A person’s career rarely ever turns out the way he expected, oftentimes leading to feelings of failure and regret. We’ll show you how expecting the unexpected on your career path is one of the best ways to set yourself up for success in the end.
A survey conducted earlier this year by University of Phoenix found that over half of the 1,600 participants surveyed were interested in changing careers to a more desirable occupation. In other words, their current jobs just didn’t do it for them. Even more shocking, the survey unveiled that “ninety percent of working adults report that they had career plans when they were younger,” with 73 percent not in the careers they had expected.
Children seem to know more about what they want to do in life than adults who are already knee-deep in their careers. Dr. Bill Pepicello, president of University of Phoenix, points out that “many working adults [are] coming back to school 10 to 20 years after they started their careers to prepare for a new career or find new growth opportunities in their current industry.” How can so many professionals be getting their careers this wrong?
Nobel Prize winner George Bernard Shaw seemed to understand the cause of this strange phenomena when he said, “You don’t stop playing because you grow old. You grow old because you stop playing.”
There comes a time in every person’s life that requires him or her to do the unthinkable — grow up, or “stop playing.” This is usually the time when high-school ends, college begins, and it’s crunch time to begin paving a path to success so mommy and daddy don’t have to clean out the basement for their 30-year-old child to live in later on in life.
Undoubtedly, there is a great deal of pressure placed upon the shoulders of adolescents to “make something of themselves” and do X career because it pays well, or follow Y career path because it’s prestigious. However, 73 percent of the working population ends up in careers that they don’t enjoy. What’s the point of continuing this cycle if it only results in dissatisfied, regretful workers?
In order to successfully navigate through the ups and downs in your career, you must appreciate and accept the unexpected things that cross your career path. One professional who embraced the unexpected and found himself in his dream career is Steve Blank, now lecturer at the University of California San Francisco. In his LinkedIn article, “My First Job: Fired and Rehired on Day 1,” Blank found himself packing up his life and moving from Michigan to California for a new, promising job opportunity as a lab technician. Little did he know, what awaited him in California would make him reconsider his decision completely.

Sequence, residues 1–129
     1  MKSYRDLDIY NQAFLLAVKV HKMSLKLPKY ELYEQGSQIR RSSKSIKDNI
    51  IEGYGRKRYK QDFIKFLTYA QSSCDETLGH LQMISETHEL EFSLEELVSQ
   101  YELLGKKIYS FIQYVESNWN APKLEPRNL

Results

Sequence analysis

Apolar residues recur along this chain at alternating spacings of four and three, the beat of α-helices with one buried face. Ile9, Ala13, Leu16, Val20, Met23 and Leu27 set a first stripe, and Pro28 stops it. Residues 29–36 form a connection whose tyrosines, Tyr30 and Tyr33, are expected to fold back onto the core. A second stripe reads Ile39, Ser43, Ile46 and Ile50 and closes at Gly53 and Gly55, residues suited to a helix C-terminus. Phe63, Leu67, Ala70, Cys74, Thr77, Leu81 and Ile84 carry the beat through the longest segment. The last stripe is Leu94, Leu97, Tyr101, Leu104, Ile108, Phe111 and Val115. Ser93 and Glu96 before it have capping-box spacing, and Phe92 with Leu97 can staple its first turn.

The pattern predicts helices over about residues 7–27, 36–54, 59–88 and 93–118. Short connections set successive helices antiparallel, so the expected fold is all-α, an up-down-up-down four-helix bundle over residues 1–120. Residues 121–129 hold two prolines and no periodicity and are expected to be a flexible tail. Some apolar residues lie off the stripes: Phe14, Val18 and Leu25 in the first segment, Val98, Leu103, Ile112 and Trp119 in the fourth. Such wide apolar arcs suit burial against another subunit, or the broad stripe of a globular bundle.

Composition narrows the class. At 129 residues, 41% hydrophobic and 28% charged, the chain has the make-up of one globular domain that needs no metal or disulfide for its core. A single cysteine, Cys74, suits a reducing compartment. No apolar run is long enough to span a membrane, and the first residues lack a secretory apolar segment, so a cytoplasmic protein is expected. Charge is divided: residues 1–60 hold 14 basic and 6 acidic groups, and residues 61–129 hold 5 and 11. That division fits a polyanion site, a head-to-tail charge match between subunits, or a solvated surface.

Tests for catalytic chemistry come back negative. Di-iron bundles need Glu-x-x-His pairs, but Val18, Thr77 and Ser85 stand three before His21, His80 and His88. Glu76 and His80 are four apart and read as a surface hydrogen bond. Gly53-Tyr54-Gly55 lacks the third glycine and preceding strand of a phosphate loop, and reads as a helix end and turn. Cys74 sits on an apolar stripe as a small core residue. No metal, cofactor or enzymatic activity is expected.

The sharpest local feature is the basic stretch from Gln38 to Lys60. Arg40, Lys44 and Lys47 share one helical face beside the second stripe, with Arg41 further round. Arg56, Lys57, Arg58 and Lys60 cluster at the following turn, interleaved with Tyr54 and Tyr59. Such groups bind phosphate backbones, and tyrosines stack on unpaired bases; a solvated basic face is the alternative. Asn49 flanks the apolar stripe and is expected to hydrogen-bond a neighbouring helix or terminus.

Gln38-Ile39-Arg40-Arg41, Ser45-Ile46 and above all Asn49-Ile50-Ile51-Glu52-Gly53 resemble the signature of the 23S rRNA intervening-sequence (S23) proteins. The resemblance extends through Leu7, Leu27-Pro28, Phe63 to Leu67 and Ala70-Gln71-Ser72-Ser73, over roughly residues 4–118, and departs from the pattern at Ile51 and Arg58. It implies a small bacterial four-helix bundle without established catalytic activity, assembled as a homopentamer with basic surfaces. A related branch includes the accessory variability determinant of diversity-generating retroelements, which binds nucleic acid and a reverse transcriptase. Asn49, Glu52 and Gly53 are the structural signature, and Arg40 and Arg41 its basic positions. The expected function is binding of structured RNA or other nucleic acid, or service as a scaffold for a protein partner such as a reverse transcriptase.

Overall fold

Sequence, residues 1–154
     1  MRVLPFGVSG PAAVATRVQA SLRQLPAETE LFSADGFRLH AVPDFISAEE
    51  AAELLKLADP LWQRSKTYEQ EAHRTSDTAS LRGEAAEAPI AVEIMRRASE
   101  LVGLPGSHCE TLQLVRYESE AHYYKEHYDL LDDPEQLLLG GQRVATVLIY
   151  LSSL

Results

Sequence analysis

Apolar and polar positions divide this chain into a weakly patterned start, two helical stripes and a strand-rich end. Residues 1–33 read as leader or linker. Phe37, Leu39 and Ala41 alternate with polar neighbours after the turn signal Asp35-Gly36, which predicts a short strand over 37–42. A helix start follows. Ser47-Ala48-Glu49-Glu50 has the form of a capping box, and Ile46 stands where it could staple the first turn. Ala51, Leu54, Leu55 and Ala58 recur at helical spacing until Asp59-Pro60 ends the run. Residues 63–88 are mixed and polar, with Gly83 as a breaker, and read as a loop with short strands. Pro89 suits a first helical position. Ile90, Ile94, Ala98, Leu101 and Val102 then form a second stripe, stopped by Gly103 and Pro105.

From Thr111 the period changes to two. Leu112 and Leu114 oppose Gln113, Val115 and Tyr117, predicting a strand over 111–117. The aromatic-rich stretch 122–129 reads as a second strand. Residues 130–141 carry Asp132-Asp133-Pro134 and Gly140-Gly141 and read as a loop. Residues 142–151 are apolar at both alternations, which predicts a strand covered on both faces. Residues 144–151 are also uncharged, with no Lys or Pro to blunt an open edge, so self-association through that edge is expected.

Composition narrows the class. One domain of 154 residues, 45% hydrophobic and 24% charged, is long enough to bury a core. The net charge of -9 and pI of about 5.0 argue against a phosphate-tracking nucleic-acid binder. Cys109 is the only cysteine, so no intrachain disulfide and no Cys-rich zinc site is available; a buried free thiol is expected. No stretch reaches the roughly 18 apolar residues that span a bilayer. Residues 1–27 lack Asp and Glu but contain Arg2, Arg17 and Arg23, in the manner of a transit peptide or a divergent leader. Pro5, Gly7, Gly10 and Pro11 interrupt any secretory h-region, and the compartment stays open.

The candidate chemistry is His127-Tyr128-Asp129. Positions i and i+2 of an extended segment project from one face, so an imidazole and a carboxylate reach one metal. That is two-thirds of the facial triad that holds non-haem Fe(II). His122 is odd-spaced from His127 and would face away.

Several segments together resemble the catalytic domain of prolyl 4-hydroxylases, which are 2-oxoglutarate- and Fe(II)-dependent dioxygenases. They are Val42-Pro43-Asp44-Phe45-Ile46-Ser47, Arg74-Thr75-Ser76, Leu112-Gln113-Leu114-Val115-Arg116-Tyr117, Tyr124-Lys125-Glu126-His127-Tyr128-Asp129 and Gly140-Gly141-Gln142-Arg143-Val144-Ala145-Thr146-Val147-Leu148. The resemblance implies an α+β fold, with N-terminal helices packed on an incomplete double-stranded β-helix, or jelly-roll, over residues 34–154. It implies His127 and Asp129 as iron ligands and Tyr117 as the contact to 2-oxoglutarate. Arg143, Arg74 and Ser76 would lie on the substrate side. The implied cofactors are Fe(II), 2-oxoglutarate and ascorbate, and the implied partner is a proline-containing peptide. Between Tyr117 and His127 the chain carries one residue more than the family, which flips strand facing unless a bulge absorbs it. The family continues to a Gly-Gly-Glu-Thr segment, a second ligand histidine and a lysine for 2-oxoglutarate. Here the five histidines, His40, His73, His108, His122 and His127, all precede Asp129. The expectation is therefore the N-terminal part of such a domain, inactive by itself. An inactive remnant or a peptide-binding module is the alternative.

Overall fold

Upon his arrival to his new job, Blank was informed by HR that there had been a terrible mistake — the person who had offered him the job did so negligently and no job offer was available at that time. With his entire life relocated and packed in his car, Blank found the courage to speak with HR and, three hours after, ended up being rehired as a training instructor for the same company that had just fired him. The lesson here is, as Blank puts it, “using uncertainty as your path is an advantage,” and “one day all the seemingly random data and experience [you’ve] acquired will end up as an insight in building something greater than the sum of the parts.”
In order to be prepared for when that unexpected opportunity comes knocking on your door, check out PayScale’s Make it Happen: A How-to Guide for Your Career, an all-in-one resource that provides you with the tools and resources to help make your career dreams a reality.
Tell Us What You Think
How has uncertainty helped boost your career? Share you story with our community on Twitter or in the comments section below. Inspire others by sharing.
Leah Arnold-Smeets, owner of Emiko Consulting, is passionate about helping entrepreneurs capitalize on their strengths, improve on their weaknesses, and reach their full potential. Leah obtained her Bachelor of Science in Business Administration & Entrepreneurial Studies from the University of Southern California (USC).